Connectors Bill Advances in California Legislature

Posted April 18, 2012

A bill to give California medical device manufacturers more time to adopt international standards on small bore connectors, which are a key focus in the drive to eliminate tubing misconnections, cleared its first hurdle.

The bill, approved unanimously by the California Assembly Health Committee on April 10, would extend to Jan. 1, 2016, a deadline in a law requiring manufacturers to implement the standards. Backers of the bill say some of the standards are still under development, making it difficult for device makers to meet the current deadline of Jan. 1, 2013.

“I am pleased we are making progress, but there is a long way to go,” says Carrie Hartgen, vice president of state government relations and regional affairs for the Advanced Medical Technology Association (AdvaMed), a device trade group lobbying for the bill.

The legislation now goes before the Assembly Appropriations Committee to determine its financial impact on the state, which is likely to be minimal, says Hartgen. The state Assembly and Senate would both have to approve the bill in separate votes for the measure to reach the governor’s desk. Hartgen says if the bill is approved by the Assembly, it isn’t likely to head to the Senate until June.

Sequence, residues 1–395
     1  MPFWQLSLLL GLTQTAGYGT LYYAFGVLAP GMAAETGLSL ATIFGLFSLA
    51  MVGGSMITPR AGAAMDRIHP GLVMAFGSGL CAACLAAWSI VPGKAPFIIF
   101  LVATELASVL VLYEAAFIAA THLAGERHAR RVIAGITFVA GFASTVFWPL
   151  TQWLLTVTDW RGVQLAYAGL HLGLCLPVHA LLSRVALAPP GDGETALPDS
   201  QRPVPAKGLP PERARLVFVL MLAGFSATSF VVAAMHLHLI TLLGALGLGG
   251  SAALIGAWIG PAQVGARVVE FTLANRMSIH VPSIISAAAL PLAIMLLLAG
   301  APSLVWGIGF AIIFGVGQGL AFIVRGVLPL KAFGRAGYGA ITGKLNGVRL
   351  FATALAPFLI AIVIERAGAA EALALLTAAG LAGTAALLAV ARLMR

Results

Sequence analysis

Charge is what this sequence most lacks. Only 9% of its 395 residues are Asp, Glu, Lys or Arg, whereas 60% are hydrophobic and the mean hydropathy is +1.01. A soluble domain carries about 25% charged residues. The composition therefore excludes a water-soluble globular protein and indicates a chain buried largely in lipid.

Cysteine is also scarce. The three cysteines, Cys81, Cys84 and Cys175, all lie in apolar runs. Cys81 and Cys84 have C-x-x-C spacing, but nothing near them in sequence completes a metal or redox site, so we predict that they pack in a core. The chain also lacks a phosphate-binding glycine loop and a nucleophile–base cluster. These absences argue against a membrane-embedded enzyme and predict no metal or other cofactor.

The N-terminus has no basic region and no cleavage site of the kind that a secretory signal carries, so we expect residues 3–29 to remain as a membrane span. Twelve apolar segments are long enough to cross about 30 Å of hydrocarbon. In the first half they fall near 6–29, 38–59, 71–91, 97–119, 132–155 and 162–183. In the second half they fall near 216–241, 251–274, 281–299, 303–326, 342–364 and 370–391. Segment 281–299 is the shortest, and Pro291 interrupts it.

The California State Legislature passed the original bill in 2009 to help stop tubing mix-ups or device misconnections, which can have deadly consequences for patients.   It required state device makers to adopt a series of seven standards being developed by an International Organization for Standardization (ISO)/International Electrotechnical Commission (IEC) joint working group.

Manufacturers of interconnecting intravenous or enteral feeding sets were given 24 months after a standard’s publication or until Jan. 1, 2013 to implement it. Epidural manufacturers had an additional year.

The first standard was published in April 2011, and gives the general requirements for small bore connectors for liquids or gases. The other six will focus on how to make connectors for only certain clinical applications such as feeding or urinary tubing.

AAMI, the secretariat of the ISO/IEC working group, has provided AdvaMed with updates on the standards’ progress.